The power of brand in ransomware
A recent report from Telus noted that ransomware “attackers are strategic adversaries who perform detailed reconnaissance before launching attacks. They gather information about financials and insurance coverages to gauge the ability of a victim to pay a certain amount.…
Sourced from the study which can be downloaded from www.telus.com/RansomwareStudy. (Registration required)
We noted from various sources this week that ransomware companies were not only strategic in their thinking, but they also clearly understood the how important brand image is. In today’s world of ransomware, your brand may help to make you a victor or a victim.
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A recent article from SLATE made the case that ransomware as a business really began in 2015 when the gang behind the SamSam ransomware began offering “prompt, reliable customer service to its victims.” The article goes on to point out that “when a SamSam decrytor didn’t decrypt a network, victims would receive a polite apology from the group that just moments ago was threatening to annihilate their entire business.” Further, a fully functioning tool would be waiting in their inbox the next day.
Charles Carmakal, chief technology officer of cybersecurity firm Mandiant, was quoted as saying that “providing something akin to five-star customer service for their victims changed the game for ransomware operations.”
The early days, according to Evan Wolff, a lawyer specializing in cybersecurity, were characterized by “low-value targets, low payments and low degrees of confidence. When victims gave in and paid for a decryption tool (about $40,000 to $100,000), they would only get back 50 per cent of their networks.”
Today, according to Carmakal, victims are more likely to be fully restored. They are also less likely to suffer data leaks and are “buying a guarantee that all their trade secrets would stay out of competitors’ hands, that they wouldn’t incur the wrath of regulators and clients for failing to secure their personal information, that their private internal communications wouldn’t end up on tomorrow’s front page.”
This attention to “customer service” and reputation for reliability, along with a much more careful researching of their “customer’s” ability to pay has leveraged this “industry” and raised the ransom demands from the tens of thousands and into the millions.
The article raises a question. The success of these “big brands” has led to what can only be described as franchising, where other hacker groups rent or lease the tools and reconnaissance and then let other players do the actual ransoming and, presumably, take the great risk of being caught and prosecuted. Will these “franchisees” and new “independent operators” be as brand conscious? Will the large “brands” try to regulate or enforce behaviours? Will there be conflicts? Will companies get caught in the crossfire and double extorted?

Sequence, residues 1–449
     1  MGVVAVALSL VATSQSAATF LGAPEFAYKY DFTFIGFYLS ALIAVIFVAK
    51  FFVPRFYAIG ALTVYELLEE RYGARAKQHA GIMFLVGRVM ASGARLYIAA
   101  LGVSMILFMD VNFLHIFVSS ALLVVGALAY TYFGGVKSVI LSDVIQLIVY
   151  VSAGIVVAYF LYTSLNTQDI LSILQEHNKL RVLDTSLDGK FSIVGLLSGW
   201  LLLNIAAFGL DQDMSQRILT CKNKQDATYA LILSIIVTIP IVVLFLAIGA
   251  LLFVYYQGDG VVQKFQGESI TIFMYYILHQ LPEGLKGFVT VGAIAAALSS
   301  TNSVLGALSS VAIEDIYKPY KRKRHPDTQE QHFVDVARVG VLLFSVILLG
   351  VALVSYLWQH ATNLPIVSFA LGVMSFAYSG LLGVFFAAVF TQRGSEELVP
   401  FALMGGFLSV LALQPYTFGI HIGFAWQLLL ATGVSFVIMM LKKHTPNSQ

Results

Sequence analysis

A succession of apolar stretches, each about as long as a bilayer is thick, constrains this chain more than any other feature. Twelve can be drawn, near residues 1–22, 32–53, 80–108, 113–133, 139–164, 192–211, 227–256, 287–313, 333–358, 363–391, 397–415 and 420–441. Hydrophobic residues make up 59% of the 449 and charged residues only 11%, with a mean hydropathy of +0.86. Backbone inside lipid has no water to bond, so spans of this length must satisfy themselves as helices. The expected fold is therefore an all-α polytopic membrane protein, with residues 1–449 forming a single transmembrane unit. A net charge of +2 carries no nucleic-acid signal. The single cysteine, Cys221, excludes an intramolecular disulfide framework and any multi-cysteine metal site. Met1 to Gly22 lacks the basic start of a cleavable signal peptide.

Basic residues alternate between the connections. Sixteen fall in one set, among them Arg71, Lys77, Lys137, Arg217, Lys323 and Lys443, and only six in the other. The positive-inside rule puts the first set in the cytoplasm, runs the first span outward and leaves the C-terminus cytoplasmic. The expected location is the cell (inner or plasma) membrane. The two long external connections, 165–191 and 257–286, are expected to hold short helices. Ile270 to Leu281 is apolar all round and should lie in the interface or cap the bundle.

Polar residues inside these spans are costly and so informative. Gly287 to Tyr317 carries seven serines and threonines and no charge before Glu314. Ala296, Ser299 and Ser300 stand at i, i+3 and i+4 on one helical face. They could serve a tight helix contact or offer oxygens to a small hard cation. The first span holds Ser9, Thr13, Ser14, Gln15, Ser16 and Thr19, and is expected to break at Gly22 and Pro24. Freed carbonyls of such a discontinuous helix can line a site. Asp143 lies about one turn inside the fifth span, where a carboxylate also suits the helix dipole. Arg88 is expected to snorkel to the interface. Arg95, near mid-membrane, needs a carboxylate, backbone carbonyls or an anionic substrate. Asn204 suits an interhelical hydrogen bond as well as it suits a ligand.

Sourced from an article in Slate.com
Fool me twice?
Publishing giant Nikkei revealed that their Singapore headquarters was hit by a ransomware attack on May 13, 2022. They took immediate action, according to their press release, which notes “unauthorized access to the server was first detected on May 13, prompting an internal probe,” and further that, “Nikkei Group Asia immediately shut down the affected server and took other measures to minimize the impact.”
The company noted that it was investigating what, if any, customer data had been affected by the attack. They also issued an apology to their customers.
Nikei is the media group that acquired the Financial Times in 2015. It has four million print and digital subscribers and 40 affiliate companies in publishing, broadcasting and other media businesses.
Sadly, this is not the first highly publicized attack that the group has suffered. Two years ago, the company lost millions when a group of scammers, posing as Nikkei executives, tricked an employee in their New York office into making a wire transfer for US$29 million to a bank account controlled by the scammers.
Sourced from an article in Bleeping Computer
Go big or stay home? Conti gang takes on Costa Rica
Returning to our theme of big brands and bigger targets, the Conti ransomware gang has taken on the government of Costa Rica and is pressuring it to pay a multi-million-dollar ransom. According to Cyber Security Today, the gang “claimed it is working with people inside the government. It also threatens to break into more IT systems and overthrow the government through cyber attacks.
While an Associated Press report quoted experts as saying that overthrowing the government is likely the gang’s goal, it does seem that the Conti gang feels it has the “brand” to be able to take on a national government.
Sourced from the podcast Cyber Security Today